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Why dog foods can be deadly to your dog

How do you go about picking your dog food? Most people don’t know how to read the ingredients list nor do they understand what they really mean.

I started my research on dog food shortly after my six year old Beagle started having seizures. What I found out was both amazing and scary, so I immediately started a crusade to educate pet owners around the world.

I promise you I’m not going to give you a sale pitch for some high priced fancy dog food. I will explain to you how to learn how to look at the ingredients in your dog food and understand what they really are.

What if I told you that if you learn how to feed your dog properly, it could add up to 8.3 years to their lives? That’s 8.3 more years of tail wagging, tongue liking unconditional love.

After many hours of research I finally found a resource that explained how to read the labels found on dog food. Believe it or not even thought the FDA regulates dog food labeling, it does not hold commercial dog food labeling to the same requirements as it does for people food.

The regulations for dog food labeling seemed to be written to help the industry hide certain ingredients they use to enhance flavor and prolong shelf life. Not to mention just plain deceive the pet owner by allowing the commercial pet food industry to play with words in their labeling.

For example a dog food named Chicken dog food would have around 70% chicken (of some sort) but if its named Chicken flavored dog food then it probably has 0% chicken of any kind in it.

If the name of the food contains the word “with” then by law that food only needs to contain around 3% of that ingredient. The words “Dinner” or “Nuggets” along with many more words all change the quality of the dog food.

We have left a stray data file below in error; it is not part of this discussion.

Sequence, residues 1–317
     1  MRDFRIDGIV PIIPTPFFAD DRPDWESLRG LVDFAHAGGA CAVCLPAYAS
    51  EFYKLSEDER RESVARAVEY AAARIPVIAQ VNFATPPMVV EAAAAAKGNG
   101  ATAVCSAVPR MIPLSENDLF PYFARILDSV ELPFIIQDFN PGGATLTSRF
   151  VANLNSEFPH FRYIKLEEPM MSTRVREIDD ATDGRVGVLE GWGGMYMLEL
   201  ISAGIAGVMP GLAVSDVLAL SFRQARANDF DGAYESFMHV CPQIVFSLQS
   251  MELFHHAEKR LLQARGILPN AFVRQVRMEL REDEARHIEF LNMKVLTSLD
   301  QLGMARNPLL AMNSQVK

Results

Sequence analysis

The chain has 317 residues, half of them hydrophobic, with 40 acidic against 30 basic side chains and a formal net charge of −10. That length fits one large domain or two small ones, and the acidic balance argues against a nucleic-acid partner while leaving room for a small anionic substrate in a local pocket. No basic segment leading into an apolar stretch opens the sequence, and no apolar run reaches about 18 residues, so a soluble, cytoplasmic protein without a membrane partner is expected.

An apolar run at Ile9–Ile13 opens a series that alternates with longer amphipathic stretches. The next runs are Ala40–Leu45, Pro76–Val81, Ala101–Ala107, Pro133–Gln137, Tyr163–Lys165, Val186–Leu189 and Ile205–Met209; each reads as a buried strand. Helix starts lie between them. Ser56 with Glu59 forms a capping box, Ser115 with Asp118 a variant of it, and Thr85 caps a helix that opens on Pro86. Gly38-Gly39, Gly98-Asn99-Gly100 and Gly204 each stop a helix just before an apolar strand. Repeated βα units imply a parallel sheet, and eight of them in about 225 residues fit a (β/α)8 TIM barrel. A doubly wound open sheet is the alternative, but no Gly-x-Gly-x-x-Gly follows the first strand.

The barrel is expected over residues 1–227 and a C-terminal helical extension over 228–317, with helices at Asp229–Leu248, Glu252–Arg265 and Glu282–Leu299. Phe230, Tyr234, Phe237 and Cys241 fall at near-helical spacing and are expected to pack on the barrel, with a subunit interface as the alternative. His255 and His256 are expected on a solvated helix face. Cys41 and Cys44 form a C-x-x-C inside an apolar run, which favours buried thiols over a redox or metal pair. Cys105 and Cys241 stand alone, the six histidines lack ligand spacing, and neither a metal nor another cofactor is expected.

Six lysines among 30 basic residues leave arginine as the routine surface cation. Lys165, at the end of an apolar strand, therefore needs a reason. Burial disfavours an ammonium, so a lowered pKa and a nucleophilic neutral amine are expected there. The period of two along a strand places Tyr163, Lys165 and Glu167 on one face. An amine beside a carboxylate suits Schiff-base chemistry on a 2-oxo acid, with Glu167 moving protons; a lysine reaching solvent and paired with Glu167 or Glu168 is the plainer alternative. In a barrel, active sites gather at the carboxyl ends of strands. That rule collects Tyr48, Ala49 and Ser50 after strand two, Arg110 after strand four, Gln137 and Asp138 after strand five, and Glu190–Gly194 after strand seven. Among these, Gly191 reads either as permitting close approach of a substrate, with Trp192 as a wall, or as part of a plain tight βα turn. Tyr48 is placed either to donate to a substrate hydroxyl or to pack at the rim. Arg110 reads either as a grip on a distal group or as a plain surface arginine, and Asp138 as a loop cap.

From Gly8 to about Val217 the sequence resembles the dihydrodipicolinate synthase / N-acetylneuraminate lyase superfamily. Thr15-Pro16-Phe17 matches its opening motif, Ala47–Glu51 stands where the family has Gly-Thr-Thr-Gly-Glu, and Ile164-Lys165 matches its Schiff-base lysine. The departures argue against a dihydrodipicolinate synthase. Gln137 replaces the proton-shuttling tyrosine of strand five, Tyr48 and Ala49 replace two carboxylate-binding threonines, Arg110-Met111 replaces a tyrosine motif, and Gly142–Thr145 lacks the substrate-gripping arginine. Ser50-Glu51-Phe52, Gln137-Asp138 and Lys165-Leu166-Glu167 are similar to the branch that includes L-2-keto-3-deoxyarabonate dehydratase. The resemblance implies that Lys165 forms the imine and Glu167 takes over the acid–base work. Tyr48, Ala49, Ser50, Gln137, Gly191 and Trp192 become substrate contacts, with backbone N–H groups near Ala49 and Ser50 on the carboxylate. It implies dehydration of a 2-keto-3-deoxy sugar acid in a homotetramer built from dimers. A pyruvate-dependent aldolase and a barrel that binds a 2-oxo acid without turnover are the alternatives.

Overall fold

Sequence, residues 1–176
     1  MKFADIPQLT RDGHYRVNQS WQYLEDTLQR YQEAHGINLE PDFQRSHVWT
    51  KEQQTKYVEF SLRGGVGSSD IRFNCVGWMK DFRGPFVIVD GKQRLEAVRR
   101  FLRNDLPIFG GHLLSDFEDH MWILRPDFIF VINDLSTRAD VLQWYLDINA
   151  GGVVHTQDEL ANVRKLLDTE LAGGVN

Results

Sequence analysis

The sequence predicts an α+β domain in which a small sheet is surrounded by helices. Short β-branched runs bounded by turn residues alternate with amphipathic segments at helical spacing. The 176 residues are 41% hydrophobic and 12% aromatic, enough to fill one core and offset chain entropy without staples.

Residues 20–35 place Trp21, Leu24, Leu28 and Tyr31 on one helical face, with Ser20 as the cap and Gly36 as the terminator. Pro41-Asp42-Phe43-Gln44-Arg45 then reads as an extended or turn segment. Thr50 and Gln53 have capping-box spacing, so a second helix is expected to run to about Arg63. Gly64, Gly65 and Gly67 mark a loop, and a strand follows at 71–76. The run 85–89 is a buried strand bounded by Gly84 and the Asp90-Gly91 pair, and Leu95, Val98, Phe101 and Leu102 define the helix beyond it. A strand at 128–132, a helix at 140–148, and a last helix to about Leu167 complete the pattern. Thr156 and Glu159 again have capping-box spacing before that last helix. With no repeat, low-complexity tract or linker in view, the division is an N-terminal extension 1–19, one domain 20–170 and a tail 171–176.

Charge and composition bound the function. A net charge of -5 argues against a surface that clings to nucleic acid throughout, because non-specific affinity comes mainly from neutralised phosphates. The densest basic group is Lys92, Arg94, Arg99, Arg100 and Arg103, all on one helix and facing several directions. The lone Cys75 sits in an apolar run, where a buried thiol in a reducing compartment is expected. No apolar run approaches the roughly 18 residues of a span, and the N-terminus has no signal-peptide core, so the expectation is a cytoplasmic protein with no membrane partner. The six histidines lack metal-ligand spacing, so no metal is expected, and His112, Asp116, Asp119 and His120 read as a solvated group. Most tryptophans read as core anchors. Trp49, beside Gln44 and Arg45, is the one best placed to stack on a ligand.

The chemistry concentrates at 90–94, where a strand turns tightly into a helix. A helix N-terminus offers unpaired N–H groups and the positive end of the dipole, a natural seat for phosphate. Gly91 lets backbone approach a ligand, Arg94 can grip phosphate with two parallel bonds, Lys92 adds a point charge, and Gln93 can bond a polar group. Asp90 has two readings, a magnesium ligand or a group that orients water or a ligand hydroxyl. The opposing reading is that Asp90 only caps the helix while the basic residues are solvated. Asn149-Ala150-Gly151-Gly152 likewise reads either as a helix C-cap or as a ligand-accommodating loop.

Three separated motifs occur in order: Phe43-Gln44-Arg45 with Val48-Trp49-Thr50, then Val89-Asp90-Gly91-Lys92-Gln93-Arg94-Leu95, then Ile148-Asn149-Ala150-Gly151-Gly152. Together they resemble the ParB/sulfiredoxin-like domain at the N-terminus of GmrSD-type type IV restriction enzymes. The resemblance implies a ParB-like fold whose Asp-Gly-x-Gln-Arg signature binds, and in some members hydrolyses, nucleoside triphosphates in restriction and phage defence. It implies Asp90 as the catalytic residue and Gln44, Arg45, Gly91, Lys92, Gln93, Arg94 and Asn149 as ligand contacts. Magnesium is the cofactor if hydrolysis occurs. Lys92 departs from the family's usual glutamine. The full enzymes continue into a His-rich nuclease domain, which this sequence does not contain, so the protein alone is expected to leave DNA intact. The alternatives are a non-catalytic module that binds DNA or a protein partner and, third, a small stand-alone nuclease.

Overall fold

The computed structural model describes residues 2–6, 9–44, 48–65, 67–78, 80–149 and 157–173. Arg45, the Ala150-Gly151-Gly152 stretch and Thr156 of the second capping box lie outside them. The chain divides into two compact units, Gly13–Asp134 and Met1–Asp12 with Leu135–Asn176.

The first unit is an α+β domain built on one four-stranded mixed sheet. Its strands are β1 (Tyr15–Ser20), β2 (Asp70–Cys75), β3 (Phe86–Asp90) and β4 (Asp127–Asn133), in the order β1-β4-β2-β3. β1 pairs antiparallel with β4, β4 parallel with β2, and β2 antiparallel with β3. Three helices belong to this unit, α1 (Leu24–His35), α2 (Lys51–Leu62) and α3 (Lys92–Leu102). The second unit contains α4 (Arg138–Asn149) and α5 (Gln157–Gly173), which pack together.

The truth is the dog food industry has been allowed to deceive the pet owner into thinking they are purchasing quality ingredients, when the truth is we are purchasing ingredients not fit for human consumption.

The animal food industry is using the waste leftovers from human food production processing plants. This slop is deemed unfit for human consumption, but is sold as ingredients for pet foods.

The FDA’s weak regulations let the commercial dog food companies use words on their labels to describe dog food ingredients that make it sound like their healthy. One example of this is the use of the words Dried Egg Products as an ingredient in your dog food. This sounds healthy enough and it is listed as a source of protein, but this ingredient is a leftover by-product that is marked unfit for human consumption.

The problem is there are hundreds of ingredients listed on dog food labels that seem to mean one thing when in reality they mean something completely different.

Once I found out what was really in most commercially made dog food, I switched my dogs to a homemade diet. This does take some work and I understand that not everyone can do this, and that is why it’s so important that you learn how to read and understand a dog food label.

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